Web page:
Was Olivia Mahon’s Africa themed party racist?

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Olivia Mahon a young Australian threw an African themed party that has polarised views amongst contributors on this platform. Some believe that  Olivia’s party was harmless fun that should be treated as such whilst others believe that it was  deeply offensive and racist

Here are the views of the various contributors

Vera: I think that if all is put in context then the intention was not to be offensive. If you are sensitive the whole party stings….if you are not -you can have a good laugh abt it. If you attend comedy shows and hear what guys say about stereotypes then you will cool down about this one. I think it was just fun which caught some people wrong.

Victoria: I fail to see context in the photos. How would we put KKK in an African context? If, as she tried to explain, the whole idea was to celebrate “the country Africa” and all its beauty, how are the white-clothed fitting in?

Sitinga: I think it was highly offensive … When you have people dressing as the KKK , who was responsible for maiming, killing lynching etc… It is no longer just fun. And instead of comparing it to dressing up like Greeks. Replace Africa with Israel(another historically oppressed group) and the same people having a jewsih theme party to honor them and they dress up as Jews (some rich jews, some poor jews, jews with the curly hair and long beards, wear jew afros, and paint their aking slightly tanned) … also with others dressed up as the Gestapo and others dressed up as Palestinian suicide bombers or freedom fighter and no one would be sitting there trying to make excuses for her. If we think its not ok for them to make fun if jews in this way why accept it for ourselves. She wouldn’t be making excuses for herself either if it was jews. Sorry, she gets no pass from me on this issue – and the Black face is a problem for many other reasons — it’s not like making fun of any other folks because of the history of how africans have been treated – trayvon Martin, African immigrant in Europe, racial dynamics in the continent itself–

Freedes: Or if they dressed up in costumes with the swastika on it, like Prince Harry did

Mark: I think we are becoming too sensitive for our own good. She made fun of Africans. Thats about it. We should be out having a party making fun of the Australians and making a joke of their Kangaroos or something.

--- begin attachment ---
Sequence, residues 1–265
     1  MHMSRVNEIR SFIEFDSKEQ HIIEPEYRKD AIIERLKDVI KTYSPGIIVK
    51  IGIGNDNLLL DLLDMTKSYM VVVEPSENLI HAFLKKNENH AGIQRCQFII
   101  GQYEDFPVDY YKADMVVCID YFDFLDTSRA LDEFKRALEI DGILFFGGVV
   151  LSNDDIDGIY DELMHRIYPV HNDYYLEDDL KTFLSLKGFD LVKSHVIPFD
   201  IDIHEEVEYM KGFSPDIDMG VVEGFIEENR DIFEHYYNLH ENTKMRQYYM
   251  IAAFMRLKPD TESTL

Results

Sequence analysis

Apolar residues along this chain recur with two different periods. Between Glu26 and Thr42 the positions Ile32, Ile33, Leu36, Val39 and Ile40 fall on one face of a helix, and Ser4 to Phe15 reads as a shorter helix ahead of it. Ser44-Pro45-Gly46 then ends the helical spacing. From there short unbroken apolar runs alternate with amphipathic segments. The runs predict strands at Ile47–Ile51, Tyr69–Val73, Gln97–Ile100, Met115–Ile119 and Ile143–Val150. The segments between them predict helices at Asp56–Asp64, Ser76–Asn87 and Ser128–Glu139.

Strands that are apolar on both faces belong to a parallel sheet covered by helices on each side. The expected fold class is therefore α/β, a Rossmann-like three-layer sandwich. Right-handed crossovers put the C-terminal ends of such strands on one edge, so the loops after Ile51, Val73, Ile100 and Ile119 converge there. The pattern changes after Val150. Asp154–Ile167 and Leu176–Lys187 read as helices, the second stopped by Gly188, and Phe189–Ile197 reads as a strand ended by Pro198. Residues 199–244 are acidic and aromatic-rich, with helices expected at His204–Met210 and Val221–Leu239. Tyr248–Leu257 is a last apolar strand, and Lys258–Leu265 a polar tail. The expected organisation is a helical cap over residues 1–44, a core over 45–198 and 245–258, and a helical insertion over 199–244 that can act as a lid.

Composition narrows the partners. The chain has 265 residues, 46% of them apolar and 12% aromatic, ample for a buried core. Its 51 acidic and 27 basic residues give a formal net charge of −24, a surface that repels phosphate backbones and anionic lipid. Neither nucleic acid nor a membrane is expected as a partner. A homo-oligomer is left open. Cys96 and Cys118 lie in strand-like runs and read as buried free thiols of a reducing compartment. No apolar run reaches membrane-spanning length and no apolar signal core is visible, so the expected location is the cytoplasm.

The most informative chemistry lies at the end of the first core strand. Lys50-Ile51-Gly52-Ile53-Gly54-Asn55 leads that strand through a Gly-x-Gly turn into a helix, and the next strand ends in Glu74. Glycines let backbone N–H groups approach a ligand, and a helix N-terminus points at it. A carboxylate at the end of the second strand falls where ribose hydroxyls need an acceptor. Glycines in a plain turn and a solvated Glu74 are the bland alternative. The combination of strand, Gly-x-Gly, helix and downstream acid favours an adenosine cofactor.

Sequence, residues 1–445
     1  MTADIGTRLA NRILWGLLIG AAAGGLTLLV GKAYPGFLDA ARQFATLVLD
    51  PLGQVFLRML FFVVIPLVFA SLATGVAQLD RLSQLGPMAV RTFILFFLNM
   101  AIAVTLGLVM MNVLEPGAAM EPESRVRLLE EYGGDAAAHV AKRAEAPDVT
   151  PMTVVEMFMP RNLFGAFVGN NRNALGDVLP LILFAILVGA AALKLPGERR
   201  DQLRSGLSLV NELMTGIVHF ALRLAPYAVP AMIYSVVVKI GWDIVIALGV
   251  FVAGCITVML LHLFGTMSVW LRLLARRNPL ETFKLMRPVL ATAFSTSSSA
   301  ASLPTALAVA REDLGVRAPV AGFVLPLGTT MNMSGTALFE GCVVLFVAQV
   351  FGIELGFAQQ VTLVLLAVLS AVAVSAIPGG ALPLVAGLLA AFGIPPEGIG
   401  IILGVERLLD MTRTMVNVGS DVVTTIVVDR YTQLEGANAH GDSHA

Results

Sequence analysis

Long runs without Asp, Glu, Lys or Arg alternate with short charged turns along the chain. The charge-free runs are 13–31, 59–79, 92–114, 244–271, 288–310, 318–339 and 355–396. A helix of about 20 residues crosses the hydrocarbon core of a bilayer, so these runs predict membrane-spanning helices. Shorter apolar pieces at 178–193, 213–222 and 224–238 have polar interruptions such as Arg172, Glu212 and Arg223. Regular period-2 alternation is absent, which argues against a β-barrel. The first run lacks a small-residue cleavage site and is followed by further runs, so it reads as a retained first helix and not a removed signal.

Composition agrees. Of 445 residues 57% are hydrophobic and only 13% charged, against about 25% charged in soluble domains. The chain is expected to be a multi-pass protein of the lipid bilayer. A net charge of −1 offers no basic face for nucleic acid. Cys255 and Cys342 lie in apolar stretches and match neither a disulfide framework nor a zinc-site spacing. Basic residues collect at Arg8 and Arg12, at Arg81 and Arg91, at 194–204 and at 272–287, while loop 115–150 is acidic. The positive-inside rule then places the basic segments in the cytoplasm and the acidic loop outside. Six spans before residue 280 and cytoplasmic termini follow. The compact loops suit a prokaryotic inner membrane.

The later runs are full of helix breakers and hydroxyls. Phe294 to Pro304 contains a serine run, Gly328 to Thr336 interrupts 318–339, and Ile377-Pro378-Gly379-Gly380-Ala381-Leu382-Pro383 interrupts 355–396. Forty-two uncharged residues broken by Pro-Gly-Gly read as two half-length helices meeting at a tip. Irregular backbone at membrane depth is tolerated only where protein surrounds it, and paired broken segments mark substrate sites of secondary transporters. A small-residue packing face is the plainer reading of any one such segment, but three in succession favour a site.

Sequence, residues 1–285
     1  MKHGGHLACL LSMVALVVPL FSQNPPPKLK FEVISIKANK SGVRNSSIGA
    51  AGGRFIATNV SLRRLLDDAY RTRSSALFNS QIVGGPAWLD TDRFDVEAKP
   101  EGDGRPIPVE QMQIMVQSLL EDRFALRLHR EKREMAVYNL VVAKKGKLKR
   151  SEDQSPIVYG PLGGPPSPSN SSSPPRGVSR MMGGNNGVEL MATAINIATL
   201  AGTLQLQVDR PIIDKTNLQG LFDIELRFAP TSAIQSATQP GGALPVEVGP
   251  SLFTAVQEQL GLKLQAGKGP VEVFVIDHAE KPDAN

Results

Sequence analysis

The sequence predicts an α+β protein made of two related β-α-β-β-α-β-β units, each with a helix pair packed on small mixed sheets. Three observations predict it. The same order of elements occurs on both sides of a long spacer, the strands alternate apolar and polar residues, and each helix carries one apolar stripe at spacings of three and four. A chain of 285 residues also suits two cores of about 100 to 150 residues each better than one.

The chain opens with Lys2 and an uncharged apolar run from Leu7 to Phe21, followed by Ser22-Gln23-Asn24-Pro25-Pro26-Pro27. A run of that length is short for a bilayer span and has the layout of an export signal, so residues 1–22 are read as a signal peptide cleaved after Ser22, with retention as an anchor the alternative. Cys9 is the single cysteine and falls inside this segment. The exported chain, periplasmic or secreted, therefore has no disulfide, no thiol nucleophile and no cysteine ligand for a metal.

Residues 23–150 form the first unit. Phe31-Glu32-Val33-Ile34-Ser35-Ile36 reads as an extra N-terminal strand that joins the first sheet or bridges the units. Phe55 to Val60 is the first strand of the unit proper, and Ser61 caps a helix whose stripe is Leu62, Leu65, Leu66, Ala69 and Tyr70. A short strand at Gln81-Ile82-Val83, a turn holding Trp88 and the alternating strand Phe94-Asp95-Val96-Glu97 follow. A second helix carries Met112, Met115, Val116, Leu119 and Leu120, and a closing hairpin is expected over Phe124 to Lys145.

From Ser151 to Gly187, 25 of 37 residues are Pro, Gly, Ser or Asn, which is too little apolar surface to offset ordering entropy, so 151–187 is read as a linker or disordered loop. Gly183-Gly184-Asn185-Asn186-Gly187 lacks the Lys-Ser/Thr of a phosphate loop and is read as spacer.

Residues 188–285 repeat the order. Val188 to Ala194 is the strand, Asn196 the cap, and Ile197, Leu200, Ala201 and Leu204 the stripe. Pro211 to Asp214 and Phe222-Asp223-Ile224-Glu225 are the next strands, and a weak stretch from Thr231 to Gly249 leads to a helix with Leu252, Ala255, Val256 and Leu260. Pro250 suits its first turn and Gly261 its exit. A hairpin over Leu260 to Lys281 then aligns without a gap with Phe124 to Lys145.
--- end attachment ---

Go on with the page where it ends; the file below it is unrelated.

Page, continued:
Doreen: I am with Sitinga on this one. What particularly offended me was not so much her ignorance but it was her attempt to excuse her actions and her undermining the feelings and opinions of those who have been offended. She is, amongst other things being patronising in her response, in addition to refusing to check her privilege. When this story was brought to my attention I initially found it (you gotta be effing kiding me) funny but now any kind of humour that can be taken from this whole situation has been eliminated for me based on people’s responses because there appears to be a wide spread refusal to acknowledge how something like this can in the very least be problematic and at most outright offensive and racist. She may have not consciously or intentionally set out to be racist in her actions but she was and there was backlash which she has decided to avert by making herself the victim of “overly sensitive” brown folk. We really need to understand that the perpetuation of racism isn’t solely reliant on intention or malice but it is also nurtured by the normalisation of historically oppressive and offensive ideologies and mindsets and excusing ignorance without challenging it or setting out to create knowledge around issues people are ignorant of. In my opinion calling ourselves overly sensitive about such matters is more counter productive to our quest to challenge supremacist ideology and systemic racism than people catching a fit about such incidences because at least when that happens, dialogue and debate takes place.

Vera: So would there be the same furor if a black person did a white party with kkk dress and colonial garb. These reactions interest me because I truly find that sometimes as ‘minorities’ we overreact to things which should be left alone. To me she is a young girl trying to hav fun…..and unfortunately she never thought that her party would throw her in the murk. To be fair though I tend to think that racism is sometimes connected to lack of exposure so we should look at it as an opportunity to educate rather than a personal offence.